5. cdcastillo macrumors 6502a

    cdcastillo

    Joined:
    Dec 22, 2007
    Location:
    The cesspit of civilization
    #5
    Yes it is...

    Yes it is.

    I keep all my documents in iWork format (.pages, .numbers, .key) and I really enjoy working on them, I feel more productive when writing on pages than I ever did in Word. I have no problem sharing the files I need to share with another team mates that use MS Office, the proper format it's just a few clicks away; I even keep track of comments and versions in documents, the annotations translate seamlessly back and forth between pages and word.

    Besides, a presentation made on Keynote is much more impressive than those made on powerpoint. Numbers, I don't like it so much, but anyhow, it comes with the package.
     
  6. dotdotdot thread starter macrumors 68020

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    Jan 23, 2005
    #6
    Alright, I think from this point forward I'm saving in .pages format. I won't go back and convert my .doc files, but the new ones will be .pages.

    I'm just hoping someone makes a way to open them in Windows soon...
     
  7. NT1440 macrumors G4

    NT1440

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    May 18, 2008
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    Hartford, CT
    #7
    Isnt that the kind of job Automator is for?:confused:
     
  8. IJ Reilly macrumors P6

    IJ Reilly

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    #8
    This discussion pops up once in a while in different forms. I think it's kind of odd to be debating whether we should accept that Pages has its own native file format. Virtually all applications have one. If you export or Save As a non-native file format, you should be aware that some of the features of the native format may be lost. This is why this operation is an export or Save As, not a choice for default saving. So long as applications are not feature-identical, they will have different file formats for storing those unique features. There seems to be a sort of psychological barrier to accepting this fact of life in the instance of Pages, but I'm not sure I understand why.
     
  9. dws90 macrumors regular

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    Jan 16, 2008
    #9
    I think the primary difference between Pages and most other program's with their own file formats is that word processing and spreadsheet apps are used to create and store so much information, more so than than just about anything. Yes, some game I'm playing probably stores its save data in its own format that only it can read, but so what? That data won't do me much good without the game anyway. If I have a spreadsheet that I use to keep track of my finances, however, I definitely want to be able to access it at all times, even if Numbers has borked out.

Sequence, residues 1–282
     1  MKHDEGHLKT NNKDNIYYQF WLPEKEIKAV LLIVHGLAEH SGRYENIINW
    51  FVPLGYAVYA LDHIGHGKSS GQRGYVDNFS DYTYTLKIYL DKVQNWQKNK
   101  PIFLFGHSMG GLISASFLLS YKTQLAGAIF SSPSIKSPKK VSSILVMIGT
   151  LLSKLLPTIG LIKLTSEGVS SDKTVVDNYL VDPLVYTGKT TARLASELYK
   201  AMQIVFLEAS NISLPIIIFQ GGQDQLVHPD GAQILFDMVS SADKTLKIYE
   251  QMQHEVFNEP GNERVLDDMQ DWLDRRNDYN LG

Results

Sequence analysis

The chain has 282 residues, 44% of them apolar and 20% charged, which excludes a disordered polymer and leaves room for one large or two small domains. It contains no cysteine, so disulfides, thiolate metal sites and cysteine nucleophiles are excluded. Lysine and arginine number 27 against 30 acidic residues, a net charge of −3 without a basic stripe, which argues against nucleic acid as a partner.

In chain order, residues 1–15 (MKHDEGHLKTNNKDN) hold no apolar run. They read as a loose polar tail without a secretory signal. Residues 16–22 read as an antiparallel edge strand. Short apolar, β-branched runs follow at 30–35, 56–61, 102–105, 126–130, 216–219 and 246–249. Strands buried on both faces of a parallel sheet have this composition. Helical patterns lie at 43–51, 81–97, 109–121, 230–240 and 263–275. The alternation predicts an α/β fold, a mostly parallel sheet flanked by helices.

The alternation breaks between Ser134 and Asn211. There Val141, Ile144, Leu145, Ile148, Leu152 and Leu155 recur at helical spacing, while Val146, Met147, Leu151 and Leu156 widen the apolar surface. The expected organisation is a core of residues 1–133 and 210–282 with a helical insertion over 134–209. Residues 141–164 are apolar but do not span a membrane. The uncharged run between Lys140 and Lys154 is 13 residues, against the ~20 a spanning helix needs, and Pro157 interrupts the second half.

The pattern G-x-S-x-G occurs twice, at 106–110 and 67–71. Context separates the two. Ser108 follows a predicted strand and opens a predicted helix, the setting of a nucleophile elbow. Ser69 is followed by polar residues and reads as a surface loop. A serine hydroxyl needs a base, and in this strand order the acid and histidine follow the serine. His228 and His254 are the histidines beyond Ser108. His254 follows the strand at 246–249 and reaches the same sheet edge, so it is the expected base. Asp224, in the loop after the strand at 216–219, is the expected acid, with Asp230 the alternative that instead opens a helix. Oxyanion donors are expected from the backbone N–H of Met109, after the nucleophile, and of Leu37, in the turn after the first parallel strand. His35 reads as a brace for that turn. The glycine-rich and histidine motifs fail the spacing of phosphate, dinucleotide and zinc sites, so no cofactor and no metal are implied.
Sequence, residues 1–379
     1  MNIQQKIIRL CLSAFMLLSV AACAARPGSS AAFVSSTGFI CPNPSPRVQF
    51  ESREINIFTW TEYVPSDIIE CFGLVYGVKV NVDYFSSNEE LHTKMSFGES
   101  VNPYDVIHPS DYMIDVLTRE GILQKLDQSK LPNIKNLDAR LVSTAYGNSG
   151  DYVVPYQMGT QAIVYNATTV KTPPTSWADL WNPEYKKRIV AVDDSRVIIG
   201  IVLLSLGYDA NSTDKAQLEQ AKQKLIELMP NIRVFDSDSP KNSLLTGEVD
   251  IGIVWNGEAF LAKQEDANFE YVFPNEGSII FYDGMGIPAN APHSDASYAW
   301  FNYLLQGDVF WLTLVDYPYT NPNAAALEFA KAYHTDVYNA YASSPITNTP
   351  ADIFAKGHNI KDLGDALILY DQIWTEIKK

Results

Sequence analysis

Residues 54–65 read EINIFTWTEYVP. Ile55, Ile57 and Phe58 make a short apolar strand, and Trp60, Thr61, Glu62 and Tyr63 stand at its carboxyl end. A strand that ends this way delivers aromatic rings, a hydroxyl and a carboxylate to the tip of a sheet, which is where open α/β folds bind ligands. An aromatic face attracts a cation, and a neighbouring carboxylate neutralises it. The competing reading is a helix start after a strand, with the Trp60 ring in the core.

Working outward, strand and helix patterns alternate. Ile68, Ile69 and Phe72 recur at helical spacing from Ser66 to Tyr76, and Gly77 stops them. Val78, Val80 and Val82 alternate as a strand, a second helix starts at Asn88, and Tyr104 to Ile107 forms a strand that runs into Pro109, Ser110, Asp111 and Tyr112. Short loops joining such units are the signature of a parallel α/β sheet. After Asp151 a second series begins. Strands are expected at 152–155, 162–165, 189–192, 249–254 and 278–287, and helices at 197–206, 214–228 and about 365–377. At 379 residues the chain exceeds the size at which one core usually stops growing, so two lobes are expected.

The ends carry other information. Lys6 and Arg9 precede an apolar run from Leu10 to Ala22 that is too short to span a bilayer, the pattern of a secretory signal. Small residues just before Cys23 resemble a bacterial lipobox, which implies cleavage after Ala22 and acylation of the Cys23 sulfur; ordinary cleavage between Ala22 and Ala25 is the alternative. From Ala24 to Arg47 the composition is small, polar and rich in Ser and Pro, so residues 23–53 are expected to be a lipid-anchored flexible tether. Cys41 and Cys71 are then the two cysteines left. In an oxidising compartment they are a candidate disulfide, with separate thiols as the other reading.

For the record, though - all programs that store real information in a way that no other program can read make me uneasy. It isn't an iWork exclusive thing.
     
  10. IJ Reilly macrumors P6

    IJ Reilly

    Joined:
    Jul 16, 2002
    Location:
    Palookaville
    #10
    File format obsolescence is a universal problem. Even some older versions of Microsoft Word files won't open in current versions of Word. Easily the most stable file format over the years has been PDF. Anything you really want to be able to keep, read and print for many years to come are best saved as PDF.
     
  11. kepardue macrumors 6502

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    Oct 28, 2006
    #11
    That's the whole point of the newer XML-based office productivity formats: to make working with office documents, spreadsheets, and presentations as ubiquitous as HTML: you can pack in any number of advanced behaviors while being relatively sure that it will display consistently no matter what software is being used to view it. We'll get there with Office documents, too, just not likely any time soon. Interoperability is a pretty reasonable thing to expect; it's scary to consider how much of the world's knowledge is locked up in closed-off, binary MS Word format.
     
  12. rainydays macrumors 6502a

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    Nov 6, 2006
    #12
    Well you should at least use PDF/A if you intend to keep it for a while. Still, I'd say that formats like ODF are better suited for archiving.